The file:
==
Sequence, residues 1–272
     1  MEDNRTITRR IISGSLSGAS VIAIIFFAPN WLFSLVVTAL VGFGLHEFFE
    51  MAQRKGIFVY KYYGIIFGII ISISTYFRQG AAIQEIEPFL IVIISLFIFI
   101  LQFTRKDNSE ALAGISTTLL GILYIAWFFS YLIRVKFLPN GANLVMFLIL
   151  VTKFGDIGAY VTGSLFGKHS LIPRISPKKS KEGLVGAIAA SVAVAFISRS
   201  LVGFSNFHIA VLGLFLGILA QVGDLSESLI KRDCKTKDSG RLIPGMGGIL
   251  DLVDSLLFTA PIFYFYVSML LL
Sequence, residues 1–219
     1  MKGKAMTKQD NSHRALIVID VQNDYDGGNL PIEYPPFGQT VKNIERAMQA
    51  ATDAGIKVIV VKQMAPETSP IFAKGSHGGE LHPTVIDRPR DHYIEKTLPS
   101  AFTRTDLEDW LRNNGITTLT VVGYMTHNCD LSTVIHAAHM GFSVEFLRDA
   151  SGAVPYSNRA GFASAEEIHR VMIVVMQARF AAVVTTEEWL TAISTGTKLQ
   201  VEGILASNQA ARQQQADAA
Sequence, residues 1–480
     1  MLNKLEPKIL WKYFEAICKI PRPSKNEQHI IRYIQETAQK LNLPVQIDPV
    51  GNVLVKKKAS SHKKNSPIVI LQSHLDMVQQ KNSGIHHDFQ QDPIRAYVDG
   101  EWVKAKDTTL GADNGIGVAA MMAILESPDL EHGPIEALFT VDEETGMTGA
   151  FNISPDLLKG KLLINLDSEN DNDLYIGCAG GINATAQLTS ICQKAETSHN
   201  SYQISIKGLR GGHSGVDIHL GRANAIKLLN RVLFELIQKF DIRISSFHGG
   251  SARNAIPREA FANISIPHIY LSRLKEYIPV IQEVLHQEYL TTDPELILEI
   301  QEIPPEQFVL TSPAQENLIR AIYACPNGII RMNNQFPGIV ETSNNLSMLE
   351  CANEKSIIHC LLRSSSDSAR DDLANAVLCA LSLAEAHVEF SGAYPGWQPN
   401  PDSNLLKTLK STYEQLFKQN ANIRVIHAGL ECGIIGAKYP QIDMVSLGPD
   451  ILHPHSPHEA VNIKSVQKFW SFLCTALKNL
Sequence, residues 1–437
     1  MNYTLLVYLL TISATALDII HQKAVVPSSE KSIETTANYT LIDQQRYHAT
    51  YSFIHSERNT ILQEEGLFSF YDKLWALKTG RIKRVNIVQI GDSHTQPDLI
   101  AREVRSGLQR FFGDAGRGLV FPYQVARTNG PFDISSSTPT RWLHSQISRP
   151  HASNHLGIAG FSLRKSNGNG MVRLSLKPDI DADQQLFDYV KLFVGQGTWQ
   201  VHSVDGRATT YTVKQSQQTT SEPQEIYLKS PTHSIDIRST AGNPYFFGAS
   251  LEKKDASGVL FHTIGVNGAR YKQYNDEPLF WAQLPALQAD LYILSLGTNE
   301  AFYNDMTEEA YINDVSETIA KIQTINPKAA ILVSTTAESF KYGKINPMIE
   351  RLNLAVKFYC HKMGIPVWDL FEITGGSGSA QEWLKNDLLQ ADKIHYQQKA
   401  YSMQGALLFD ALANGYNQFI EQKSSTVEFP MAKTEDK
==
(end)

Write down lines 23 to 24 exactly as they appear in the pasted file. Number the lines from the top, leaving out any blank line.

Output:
   401  PDSNLLKTLK STYEQLFKQN ANIRVIHAGL ECGIIGAKYP QIDMVSLGPD
   451  ILHPHSPHEA VNIKSVQKFW SFLCTALKNL